Table 2

Effect of foliar application of Celext 07 (C7) and Stimulagro (ST) as compared to control on soybean at thirtieth day after sowing.

TreatmentShoot height (cm)Fresh mass (g)Dry mass (g)Chlorophyll content (SPAD units)Photosynthetic rate (μmol m−2 s−1 CO2)
0.5 g L−1 C741.9(0.24%)6.4(1.59%)4.11(5.12%)41.93(8.35%)12.6(1.61%)
1 g L−1 C742.6(1.91%)6.5(3.17%)4.2(7.42%)41.94(8.38%)12.9(4.03%)
2 g L−1 C742.8(2.39%)6.45(2.38%)4.3(9.97%)42.22(9.11%)12.6(1.61%)
0.5 g L−1 ST45.3(8.37%)6.68(6.03%)4.39(12.28%)43.02(11.16%)13.6(9.68%)
1 g L−1 ST47.1(12.68%)7.09(12.54%)4.83*(23.53%)46.55*(20.28%)15.2*(22.58%)
2 g L−1 ST45.6(9.09%)6.9(9.52%)4.41(12.79%)45.74*(18.20%)13.9(12.10%)
0.5 g L−1 C7+ST44.9(7.42%)6.51(3.33%)4.3(9.97%)43.63(12.75%)13.5(8.87%)
1 g L−1 C7+ST46.2(10.53%)6.84(8.57%)4.63*(18.41%)43.47(12.33%)14.1(13.71%)
2 g L−1 C7+ST45.4(8.61%)6.63(5.24%)4.4(12.53%)43.13(11.46%)13.8(11.29%)

[i] * Significance at p < 0.05 as compared to control. Values in parenthesis show percent increaseas compared to control.


The results indicate the positive effects of C. majus and A. nodosum on dry matter accumulation and photosynthesis in soybean. Seed treatment and foliar application of both extracts increased the dry mass of soybean at relatively low concentrations over a short assessment period. To the best of our knowledge, this is the first study in which a combination of C. majus and A. nodosum was used on soybean. The response of the soybean plants to the seaweed extract was consistent with that observed in previous studies (Martynenko et al.,2016; Rathore et al.,2009). Our results showed that foliar application of 1 g L−1 ST and 2 g L−1 ST enhanced the chlorophyll content significantly. Enhancement of leaf chlorophyll content by seaweed has also been reported in grapevine (Sivasankari et al.,2006) and strawberry (Spinelli et al.,2010).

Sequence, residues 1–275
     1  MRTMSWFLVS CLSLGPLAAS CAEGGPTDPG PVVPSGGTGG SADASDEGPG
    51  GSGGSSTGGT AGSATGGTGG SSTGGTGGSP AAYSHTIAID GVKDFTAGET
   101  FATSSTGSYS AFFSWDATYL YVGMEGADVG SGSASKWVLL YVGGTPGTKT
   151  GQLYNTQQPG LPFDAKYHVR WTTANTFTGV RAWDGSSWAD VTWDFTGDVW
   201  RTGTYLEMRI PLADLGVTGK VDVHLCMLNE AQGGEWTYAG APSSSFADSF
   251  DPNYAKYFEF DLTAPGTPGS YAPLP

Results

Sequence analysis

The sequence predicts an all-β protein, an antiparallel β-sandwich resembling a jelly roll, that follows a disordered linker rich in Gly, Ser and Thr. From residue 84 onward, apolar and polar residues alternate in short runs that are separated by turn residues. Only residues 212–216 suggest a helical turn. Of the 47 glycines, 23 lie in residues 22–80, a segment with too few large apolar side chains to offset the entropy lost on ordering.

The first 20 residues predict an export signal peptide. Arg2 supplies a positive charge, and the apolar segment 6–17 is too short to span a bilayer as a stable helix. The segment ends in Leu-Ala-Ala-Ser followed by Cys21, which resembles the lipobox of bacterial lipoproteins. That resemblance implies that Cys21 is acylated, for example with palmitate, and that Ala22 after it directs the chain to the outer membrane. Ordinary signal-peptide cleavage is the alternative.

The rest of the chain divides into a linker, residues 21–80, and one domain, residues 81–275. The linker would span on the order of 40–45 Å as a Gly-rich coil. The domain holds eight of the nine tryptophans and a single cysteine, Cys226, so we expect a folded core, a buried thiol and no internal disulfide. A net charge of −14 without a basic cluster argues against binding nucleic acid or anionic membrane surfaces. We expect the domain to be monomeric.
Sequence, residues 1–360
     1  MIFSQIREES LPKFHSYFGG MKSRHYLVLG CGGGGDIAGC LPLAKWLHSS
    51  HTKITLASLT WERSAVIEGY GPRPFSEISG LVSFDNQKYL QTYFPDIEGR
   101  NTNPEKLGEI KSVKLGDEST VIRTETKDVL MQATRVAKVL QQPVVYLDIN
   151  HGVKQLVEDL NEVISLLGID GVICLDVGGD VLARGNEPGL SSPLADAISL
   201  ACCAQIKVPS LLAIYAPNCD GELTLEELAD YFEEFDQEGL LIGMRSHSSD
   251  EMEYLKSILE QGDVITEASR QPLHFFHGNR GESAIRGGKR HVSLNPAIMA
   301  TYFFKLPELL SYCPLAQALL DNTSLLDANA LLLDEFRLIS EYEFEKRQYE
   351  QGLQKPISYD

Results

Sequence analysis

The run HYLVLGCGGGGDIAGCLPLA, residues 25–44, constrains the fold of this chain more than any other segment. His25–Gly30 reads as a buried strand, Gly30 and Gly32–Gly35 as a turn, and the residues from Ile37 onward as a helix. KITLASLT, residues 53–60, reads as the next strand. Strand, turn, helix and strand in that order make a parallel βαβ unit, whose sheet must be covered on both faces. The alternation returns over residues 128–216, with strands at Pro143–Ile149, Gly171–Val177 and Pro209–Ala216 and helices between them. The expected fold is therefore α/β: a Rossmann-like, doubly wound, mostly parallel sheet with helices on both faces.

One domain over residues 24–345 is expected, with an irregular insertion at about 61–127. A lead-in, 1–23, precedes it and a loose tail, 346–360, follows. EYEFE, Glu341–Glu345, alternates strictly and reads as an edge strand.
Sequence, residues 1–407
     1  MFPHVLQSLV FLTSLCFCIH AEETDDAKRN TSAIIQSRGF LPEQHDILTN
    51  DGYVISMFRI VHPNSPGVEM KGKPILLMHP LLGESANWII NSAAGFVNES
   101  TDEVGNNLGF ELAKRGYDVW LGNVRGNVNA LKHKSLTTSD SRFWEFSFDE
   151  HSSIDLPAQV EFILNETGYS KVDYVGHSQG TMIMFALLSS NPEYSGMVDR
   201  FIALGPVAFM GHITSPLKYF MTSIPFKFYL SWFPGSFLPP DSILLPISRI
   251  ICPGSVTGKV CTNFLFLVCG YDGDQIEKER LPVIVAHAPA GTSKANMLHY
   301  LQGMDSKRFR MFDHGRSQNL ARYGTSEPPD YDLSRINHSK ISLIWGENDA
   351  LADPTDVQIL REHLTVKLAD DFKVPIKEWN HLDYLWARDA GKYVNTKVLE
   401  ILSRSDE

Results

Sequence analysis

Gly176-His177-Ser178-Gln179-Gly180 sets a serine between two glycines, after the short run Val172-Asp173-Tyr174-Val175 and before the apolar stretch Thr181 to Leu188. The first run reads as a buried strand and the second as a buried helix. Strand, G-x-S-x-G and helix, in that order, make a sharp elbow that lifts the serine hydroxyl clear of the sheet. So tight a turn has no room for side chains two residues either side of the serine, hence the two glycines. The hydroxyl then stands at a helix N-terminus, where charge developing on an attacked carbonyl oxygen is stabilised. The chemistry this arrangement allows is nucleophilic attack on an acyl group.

Previous studies with seaweed extract have reported enhanced photosynthetic rate as well as leaf chlorophyll content (Kumari et al.,2011). Our study also showed maximum enhancement of the photosynthetic rate (22.5%) with 1 g L−1 ST as well as increased chlorophyll content (20.28%) after foliar application. In the seed treatment experiment, the photosynthetic rate was increased to the maximum extent (by 20.3%) with 1 g L−1 C7+ST combination. This increase in photosynthesis explains the increased biomass accumulation, indicating improved carbon fixation at an early stage of growth in both experiments. Therefore, these treatments should be investigated for potentially beneficial effects on enhancing the later growth and yield of soybean. The first part of the study shows the synergistic effects of both extracts on plant growth at the earliest stage, whereas the second part of the study shows the stimulatory effects of the seaweed extract on the growth of older plants.

Handling Editor

Małgorzata Wójcik; Maria Curie-Skłodowska University in Lublin, Poland;

Authors’ Contributions

DD and GC conceived of the presented idea and supervised the project; JJP carried out the experiments and wrote the manuscript with support from DD and GC; all authors discussed the results and contributed to the final manuscript

Competing Interests

No competing interests have been declared.